by Brynne Rebele-Henry
In her debut novel, award-winning poet Brynne Rebele-Henry re-imagines the Orpheus myth as a love story between two teenage girls who are sent to conversion therapy after being caught together in an intimate moment.
Abandoned by a single mother she never knew, 16-year-old Raya—obsessed with ancient myths—lives with her grandmother in a small conservative Texas town. For years Raya has fought to hide her feelings for her best friend and true love, Sarah. When the two are outed, they are sent to Friendly Saviors: a re-education camp meant to “fix” them and make them heterosexual. Upon arrival, Raya vows to assume the role of Orpheus, to return to the world of the living with her love—and after she, Sarah, and the other teen residents are subjected to abusive and brutal “treatments” by the staff, Raya only becomes more determined to escape.
In a haunting voice reminiscent of Sylvia Plath and the contemporary lyricism of David Levithan, Brynne Rebele-Henry weaves a powerful inversion of the Orpheus myth informed by the disturbing real-world truths of conversion therapy. Orpheus Girl is a story of dysfunctional families, trauma, first love, heartbreak, and ultimately, the fierce adolescent resilience that has the power to triumph over darkness and ignorance.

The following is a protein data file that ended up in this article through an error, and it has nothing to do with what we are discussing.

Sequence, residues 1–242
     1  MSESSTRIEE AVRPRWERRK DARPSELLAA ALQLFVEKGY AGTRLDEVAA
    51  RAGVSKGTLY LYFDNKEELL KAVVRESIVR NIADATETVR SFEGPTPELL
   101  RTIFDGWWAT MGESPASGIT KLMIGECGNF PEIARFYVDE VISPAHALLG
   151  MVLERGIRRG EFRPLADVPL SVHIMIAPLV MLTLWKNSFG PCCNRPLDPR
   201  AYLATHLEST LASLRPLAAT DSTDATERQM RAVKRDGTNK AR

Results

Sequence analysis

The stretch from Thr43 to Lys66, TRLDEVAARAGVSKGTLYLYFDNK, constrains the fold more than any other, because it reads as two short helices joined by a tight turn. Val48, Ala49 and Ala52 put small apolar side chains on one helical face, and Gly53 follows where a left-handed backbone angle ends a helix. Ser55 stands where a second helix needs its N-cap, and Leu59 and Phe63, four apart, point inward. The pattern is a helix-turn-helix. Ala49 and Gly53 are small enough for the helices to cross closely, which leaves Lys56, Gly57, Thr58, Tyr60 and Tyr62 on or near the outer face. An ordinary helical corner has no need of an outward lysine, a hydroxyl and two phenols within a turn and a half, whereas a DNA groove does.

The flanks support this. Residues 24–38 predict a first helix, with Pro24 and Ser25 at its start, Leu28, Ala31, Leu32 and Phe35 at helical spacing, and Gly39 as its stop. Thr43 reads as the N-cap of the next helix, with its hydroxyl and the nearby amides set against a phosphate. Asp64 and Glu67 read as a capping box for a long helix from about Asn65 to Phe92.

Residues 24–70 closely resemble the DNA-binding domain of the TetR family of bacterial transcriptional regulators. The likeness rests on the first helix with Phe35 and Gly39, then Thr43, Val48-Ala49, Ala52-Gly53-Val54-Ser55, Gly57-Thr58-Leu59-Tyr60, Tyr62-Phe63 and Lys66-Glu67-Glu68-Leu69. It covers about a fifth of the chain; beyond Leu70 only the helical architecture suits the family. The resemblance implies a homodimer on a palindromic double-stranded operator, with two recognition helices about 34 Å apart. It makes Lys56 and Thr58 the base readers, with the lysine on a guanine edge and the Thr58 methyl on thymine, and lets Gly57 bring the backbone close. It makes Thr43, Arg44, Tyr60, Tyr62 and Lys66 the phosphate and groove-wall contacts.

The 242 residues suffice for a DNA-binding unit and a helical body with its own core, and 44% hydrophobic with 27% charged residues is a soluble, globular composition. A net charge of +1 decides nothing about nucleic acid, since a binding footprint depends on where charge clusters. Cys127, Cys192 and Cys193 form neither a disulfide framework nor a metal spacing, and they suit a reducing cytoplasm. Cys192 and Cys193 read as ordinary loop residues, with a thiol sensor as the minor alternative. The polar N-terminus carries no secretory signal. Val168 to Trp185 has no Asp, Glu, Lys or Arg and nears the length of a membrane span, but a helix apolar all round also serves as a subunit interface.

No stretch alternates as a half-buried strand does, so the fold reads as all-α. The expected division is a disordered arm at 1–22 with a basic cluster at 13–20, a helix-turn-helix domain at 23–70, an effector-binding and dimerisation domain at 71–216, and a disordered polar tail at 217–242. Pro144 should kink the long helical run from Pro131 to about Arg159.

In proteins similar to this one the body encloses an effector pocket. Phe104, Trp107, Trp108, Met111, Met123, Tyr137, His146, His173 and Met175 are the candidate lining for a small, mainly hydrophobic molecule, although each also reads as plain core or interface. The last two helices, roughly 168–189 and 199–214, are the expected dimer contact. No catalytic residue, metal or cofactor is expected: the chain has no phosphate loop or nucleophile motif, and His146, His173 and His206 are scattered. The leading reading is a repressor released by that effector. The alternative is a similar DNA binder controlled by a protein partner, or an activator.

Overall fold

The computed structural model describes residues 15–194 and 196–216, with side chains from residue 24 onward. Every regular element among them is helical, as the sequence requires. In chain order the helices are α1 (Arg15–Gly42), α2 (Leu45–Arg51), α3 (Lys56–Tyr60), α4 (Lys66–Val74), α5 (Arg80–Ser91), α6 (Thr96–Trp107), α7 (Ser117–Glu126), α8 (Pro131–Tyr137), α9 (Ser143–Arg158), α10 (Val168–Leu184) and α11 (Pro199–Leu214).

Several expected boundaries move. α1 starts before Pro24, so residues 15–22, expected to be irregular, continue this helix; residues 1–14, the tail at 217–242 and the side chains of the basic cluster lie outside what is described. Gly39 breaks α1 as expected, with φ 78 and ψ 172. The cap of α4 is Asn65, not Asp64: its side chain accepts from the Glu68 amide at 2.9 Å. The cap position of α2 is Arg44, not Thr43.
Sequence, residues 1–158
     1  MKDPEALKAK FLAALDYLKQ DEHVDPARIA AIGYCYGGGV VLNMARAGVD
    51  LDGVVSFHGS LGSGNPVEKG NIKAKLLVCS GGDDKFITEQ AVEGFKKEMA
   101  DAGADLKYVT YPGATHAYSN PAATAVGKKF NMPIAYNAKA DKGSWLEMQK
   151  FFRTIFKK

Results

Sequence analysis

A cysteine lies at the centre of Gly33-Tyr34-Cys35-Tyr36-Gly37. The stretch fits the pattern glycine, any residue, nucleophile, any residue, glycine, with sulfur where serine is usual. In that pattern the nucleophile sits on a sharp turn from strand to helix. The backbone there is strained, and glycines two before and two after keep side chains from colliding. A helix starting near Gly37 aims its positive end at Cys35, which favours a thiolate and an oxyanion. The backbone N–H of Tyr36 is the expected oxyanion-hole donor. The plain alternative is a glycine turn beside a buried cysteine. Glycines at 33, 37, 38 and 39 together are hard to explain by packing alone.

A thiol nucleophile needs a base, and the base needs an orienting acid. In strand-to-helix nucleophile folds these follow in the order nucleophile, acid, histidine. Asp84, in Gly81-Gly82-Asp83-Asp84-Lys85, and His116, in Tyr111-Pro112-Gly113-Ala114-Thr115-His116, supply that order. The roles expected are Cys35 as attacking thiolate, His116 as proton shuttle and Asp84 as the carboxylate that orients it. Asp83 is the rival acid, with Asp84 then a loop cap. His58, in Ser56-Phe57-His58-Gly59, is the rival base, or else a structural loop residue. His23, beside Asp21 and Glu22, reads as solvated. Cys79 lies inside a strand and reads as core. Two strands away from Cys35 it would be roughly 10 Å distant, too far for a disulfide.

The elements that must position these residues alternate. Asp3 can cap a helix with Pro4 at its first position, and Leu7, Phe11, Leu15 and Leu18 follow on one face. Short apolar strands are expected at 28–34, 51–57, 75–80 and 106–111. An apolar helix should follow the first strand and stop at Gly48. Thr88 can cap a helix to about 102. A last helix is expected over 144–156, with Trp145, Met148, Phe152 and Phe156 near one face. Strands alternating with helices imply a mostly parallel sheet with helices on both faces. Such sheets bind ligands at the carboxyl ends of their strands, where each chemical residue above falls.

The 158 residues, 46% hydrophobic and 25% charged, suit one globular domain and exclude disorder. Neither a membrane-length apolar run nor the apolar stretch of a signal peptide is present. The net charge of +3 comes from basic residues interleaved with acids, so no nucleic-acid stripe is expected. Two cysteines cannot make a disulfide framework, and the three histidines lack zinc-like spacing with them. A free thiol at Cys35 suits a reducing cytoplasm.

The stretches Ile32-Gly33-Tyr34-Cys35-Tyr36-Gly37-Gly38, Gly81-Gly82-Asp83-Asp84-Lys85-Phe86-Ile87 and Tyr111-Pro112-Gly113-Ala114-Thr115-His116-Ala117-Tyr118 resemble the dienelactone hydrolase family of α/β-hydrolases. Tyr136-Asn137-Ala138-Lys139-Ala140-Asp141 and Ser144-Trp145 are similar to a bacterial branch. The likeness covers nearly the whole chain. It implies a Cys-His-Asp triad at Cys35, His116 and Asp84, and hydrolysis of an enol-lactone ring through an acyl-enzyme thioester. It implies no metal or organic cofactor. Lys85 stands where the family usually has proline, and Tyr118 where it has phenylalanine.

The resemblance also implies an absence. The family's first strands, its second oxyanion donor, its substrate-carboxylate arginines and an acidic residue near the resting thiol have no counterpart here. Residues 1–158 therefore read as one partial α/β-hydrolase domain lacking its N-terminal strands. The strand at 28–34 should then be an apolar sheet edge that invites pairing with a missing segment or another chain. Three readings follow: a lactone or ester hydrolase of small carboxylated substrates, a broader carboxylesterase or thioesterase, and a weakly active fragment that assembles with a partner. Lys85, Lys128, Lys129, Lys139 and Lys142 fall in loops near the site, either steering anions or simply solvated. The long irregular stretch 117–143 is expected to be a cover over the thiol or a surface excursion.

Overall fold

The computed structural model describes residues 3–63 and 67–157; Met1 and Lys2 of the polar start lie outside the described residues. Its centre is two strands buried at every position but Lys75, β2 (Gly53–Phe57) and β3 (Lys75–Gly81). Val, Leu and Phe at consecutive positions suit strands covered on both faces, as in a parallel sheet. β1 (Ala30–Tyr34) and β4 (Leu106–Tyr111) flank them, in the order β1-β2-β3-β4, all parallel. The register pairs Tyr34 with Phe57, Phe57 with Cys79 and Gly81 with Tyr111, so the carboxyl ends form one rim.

CW: There are scenes in this book that depict self-harm, homophobia, transphobia, and violence against LGBTQ characters.
Paperback | 176 pages | Soho Press | 2021
Brynne Rebele-Henry was born in 1999. Her poetry and fiction have appeared in The American Poetry Review, Rookie, and Blackbird, among other places. Her writing has won numerous awards, including the Louise Louis/Emily F. Bourne Award from the Poetry Society of America. She has two books of poetry: Fleshgraphs and Autobiography of a Wound, which won the AWP Donald Hall Prize for Poetry and was a finalist for the Audre Lorde Award for Lesbian Poetry. Orpheus Girl is her first novel.
Only 2 left in stock (can be backordered)